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TREE NUMBER 21.
Poinciana is a broad shady tree, acknowledged widely as having one of the most striking flower displays. Originating from the island of Madagascar, where it is now considered an endangered species, Poinciana is grown in all the tropical and subtropical zones of the world.
Poinciana trees begin shedding leaflets at the end of dry seasons but immediately put on bright new green growth followed by a dense summer display of orange/red flowers 8 to 9 cm in length. Seed is formed in pockets in long flat pods.
Poinciana is more suited as a park tree rather that street tree as the spreading low canopy and broad trunk and roots can interfere with modern traffic flows and pavements.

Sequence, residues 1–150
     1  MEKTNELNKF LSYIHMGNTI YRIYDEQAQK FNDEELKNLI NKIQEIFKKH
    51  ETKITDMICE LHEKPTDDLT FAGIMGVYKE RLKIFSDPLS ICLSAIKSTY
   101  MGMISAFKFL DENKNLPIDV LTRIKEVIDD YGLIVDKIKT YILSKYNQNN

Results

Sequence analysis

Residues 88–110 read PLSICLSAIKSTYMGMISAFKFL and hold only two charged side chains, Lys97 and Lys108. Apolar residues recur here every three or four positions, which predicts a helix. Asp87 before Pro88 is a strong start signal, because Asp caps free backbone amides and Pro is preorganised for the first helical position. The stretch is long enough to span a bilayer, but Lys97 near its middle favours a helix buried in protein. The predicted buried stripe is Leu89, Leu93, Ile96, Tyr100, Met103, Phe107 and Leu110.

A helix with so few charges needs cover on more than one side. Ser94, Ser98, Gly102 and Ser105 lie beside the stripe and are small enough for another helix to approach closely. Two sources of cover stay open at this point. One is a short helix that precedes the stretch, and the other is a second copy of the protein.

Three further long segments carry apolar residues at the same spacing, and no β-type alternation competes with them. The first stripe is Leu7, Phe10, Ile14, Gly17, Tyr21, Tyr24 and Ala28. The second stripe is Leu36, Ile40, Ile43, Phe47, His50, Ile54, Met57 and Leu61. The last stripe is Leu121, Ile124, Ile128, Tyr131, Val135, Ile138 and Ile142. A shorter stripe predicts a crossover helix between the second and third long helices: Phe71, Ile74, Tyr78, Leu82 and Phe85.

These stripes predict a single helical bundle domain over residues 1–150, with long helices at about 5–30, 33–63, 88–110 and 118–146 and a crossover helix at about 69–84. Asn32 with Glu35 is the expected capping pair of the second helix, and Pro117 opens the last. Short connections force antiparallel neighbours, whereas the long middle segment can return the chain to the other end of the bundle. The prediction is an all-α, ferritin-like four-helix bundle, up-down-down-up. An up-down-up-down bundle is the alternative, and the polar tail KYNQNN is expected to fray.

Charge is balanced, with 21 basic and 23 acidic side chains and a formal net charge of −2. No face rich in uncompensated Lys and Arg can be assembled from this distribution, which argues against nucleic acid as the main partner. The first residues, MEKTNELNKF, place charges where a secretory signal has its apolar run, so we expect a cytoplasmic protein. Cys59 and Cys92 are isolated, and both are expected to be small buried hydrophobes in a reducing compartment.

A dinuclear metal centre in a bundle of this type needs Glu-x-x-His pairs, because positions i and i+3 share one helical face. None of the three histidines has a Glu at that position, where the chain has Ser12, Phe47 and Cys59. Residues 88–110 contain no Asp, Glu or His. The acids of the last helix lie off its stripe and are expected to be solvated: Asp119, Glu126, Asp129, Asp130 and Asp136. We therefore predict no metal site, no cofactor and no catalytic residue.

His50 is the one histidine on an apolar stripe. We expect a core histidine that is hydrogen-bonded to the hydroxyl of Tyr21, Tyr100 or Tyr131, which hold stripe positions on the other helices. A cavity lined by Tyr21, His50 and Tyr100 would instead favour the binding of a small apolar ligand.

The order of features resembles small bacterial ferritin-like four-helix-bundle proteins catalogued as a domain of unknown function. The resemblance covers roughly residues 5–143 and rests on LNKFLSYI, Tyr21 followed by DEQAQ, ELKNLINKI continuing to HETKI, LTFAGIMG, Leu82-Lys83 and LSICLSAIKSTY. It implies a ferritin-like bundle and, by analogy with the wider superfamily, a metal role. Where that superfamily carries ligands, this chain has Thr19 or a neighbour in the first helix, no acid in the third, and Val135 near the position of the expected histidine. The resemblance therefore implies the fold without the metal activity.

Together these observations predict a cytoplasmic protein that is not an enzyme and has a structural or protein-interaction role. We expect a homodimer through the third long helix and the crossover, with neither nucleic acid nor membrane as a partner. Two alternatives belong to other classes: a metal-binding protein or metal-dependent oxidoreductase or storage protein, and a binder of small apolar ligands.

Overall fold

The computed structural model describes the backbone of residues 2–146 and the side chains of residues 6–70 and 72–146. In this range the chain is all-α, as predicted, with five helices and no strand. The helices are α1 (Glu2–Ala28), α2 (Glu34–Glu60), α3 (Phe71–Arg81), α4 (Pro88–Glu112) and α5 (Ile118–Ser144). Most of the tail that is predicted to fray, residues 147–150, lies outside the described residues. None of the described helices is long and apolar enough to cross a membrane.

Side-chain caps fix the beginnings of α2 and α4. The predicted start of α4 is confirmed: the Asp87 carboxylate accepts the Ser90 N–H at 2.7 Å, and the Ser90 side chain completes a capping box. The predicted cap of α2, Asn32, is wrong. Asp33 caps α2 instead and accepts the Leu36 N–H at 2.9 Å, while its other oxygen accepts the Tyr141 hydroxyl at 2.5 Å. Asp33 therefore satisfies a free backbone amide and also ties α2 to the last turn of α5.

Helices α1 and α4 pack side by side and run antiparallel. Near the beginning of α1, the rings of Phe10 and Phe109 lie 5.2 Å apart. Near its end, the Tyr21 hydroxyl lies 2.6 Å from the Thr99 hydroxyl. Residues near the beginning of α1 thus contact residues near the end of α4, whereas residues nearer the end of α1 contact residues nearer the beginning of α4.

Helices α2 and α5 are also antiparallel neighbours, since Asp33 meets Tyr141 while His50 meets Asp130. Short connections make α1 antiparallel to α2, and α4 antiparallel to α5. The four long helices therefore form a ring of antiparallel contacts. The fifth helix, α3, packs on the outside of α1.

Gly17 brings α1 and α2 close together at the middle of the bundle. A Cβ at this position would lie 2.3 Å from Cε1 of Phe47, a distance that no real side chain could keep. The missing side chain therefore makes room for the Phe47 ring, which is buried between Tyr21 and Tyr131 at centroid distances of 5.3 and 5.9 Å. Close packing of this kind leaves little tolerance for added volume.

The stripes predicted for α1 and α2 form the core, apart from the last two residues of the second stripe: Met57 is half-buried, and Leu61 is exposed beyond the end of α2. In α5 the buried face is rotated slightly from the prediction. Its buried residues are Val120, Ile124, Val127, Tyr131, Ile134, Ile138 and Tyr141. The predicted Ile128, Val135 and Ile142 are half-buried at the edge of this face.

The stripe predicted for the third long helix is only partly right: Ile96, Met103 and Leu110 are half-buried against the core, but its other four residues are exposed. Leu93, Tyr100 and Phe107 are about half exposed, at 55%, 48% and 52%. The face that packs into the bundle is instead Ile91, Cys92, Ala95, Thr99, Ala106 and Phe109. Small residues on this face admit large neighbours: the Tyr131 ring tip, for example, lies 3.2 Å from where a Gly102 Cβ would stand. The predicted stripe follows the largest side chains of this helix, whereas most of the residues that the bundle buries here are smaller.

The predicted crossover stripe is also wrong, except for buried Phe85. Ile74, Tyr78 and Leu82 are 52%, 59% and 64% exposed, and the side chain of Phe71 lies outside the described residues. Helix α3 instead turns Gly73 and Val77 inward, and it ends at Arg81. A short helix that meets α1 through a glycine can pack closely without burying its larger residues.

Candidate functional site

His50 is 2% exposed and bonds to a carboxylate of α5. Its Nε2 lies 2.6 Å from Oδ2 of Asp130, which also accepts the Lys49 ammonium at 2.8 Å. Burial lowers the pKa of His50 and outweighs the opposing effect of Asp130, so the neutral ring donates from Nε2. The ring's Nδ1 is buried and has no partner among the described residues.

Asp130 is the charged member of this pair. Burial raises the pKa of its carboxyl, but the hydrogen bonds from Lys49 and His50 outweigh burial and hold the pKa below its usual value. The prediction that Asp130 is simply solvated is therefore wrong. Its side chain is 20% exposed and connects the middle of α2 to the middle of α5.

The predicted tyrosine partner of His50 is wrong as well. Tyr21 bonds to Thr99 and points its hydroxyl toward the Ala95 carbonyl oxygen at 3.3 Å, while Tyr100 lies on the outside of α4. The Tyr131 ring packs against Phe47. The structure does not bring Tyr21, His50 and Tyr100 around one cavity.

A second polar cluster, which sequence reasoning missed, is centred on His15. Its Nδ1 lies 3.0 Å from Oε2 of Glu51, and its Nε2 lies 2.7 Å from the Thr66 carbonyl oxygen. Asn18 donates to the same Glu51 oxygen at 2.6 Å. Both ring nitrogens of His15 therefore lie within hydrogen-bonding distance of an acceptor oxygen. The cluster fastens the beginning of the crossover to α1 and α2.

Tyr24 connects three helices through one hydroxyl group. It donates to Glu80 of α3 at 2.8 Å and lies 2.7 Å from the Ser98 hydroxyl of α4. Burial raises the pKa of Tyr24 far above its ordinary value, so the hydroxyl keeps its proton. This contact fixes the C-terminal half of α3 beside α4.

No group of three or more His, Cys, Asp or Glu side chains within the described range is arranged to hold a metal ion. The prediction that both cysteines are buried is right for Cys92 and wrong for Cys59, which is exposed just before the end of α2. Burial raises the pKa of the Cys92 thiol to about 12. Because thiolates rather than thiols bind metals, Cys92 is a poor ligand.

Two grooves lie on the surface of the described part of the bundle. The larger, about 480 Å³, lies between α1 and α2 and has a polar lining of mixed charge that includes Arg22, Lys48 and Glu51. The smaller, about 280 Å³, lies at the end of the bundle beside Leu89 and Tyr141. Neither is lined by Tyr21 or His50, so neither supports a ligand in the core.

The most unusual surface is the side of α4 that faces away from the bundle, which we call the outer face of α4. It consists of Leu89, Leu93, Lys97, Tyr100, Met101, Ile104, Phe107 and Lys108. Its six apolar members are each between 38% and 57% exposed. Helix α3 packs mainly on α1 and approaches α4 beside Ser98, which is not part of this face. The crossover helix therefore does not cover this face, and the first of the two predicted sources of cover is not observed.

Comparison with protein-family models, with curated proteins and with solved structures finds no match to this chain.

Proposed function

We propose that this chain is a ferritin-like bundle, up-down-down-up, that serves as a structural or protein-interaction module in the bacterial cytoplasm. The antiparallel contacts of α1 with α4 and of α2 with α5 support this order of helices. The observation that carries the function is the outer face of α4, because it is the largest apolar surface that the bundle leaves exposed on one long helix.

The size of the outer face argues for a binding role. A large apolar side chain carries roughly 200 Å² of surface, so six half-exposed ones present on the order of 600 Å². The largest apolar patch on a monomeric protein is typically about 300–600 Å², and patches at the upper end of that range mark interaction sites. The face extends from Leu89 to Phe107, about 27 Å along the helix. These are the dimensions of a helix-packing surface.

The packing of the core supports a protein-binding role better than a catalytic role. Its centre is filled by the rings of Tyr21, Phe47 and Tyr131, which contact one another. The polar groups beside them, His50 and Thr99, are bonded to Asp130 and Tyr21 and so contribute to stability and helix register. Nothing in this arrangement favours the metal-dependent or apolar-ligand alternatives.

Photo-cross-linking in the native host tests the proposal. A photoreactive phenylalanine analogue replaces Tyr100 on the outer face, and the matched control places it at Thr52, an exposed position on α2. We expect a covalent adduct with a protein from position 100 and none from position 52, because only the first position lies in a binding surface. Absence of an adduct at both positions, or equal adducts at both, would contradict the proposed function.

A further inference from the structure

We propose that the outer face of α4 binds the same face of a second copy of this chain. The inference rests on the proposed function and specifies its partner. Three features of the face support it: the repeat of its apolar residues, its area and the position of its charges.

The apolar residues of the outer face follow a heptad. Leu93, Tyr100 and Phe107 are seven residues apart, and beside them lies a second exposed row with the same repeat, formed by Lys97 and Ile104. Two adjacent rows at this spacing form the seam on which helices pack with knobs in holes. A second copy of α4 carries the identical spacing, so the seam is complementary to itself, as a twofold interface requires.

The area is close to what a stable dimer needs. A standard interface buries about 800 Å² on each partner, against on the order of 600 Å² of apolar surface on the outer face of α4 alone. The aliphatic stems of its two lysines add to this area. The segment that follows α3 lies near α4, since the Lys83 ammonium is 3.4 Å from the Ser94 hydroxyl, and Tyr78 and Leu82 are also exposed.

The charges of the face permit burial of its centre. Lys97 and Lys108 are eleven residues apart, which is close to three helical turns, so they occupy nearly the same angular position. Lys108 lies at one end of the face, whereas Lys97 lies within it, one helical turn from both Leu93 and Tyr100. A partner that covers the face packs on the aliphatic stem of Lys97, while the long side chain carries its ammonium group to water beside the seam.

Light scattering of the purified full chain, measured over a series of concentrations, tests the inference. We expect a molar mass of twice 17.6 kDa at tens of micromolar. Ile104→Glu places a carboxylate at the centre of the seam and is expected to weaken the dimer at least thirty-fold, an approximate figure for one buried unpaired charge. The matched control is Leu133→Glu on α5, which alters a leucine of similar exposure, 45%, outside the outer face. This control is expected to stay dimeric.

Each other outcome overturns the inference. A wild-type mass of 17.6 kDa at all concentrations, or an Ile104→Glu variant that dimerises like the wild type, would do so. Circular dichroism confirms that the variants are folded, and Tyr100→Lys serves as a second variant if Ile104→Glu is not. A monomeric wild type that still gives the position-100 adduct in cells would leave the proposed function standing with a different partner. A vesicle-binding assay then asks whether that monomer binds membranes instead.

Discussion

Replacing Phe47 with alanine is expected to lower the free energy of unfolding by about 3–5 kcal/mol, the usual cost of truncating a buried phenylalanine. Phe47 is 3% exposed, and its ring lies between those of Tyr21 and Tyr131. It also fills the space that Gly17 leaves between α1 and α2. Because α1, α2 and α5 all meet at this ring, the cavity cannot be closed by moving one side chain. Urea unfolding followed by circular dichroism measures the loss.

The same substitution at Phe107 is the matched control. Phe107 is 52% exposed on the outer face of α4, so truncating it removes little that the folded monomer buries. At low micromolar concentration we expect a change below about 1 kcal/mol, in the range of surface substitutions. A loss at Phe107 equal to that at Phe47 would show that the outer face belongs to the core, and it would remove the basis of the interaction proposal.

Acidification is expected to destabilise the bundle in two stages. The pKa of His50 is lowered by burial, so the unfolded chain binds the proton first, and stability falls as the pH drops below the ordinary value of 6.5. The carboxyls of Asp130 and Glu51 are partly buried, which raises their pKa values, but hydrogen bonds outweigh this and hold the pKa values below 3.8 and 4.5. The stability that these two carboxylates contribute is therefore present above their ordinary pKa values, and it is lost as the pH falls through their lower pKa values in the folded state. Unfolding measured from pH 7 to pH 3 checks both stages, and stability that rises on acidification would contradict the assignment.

In Queensland, the 6cm long Common Rhinoceros beetle is often associated with Poinciana as the male and female forms of the beetle will feast on the bark or fallen wood, mostly without adverse impact on the healthy trees.
Poinciana has been listed as a pest tree in the Top End of the Northern Territory and on Christmas Island where the species invades disturbed rainforest, creating monocultures.
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